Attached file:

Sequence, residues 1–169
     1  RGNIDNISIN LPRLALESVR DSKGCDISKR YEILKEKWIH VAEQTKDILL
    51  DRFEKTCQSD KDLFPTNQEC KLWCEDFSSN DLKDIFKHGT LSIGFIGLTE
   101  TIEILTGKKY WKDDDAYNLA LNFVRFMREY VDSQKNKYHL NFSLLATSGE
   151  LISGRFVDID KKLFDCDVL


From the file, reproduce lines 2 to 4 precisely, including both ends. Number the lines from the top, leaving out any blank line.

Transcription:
     1  RGNIDNISIN LPRLALESVR DSKGCDISKR YEILKEKWIH VAEQTKDILL
    51  DRFEKTCQSD KDLFPTNQEC KLWCEDFSSN DLKDIFKHGT LSIGFIGLTE
   101  TIEILTGKKY WKDDDAYNLA LNFVRFMREY VDSQKNKYHL NFSLLATSGE